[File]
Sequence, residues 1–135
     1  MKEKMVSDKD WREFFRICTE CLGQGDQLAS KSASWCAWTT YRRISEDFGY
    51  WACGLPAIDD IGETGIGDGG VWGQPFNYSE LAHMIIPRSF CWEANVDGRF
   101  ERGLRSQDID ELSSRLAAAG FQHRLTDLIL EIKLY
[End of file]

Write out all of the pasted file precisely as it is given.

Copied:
Sequence, residues 1–135
     1  MKEKMVSDKD WREFFRICTE CLGQGDQLAS KSASWCAWTT YRRISEDFGY
    51  WACGLPAIDD IGETGIGDGG VWGQPFNYSE LAHMIIPRSF CWEANVDGRF
   101  ERGLRSQDID ELSSRLAAAG FQHRLTDLIL EIKLY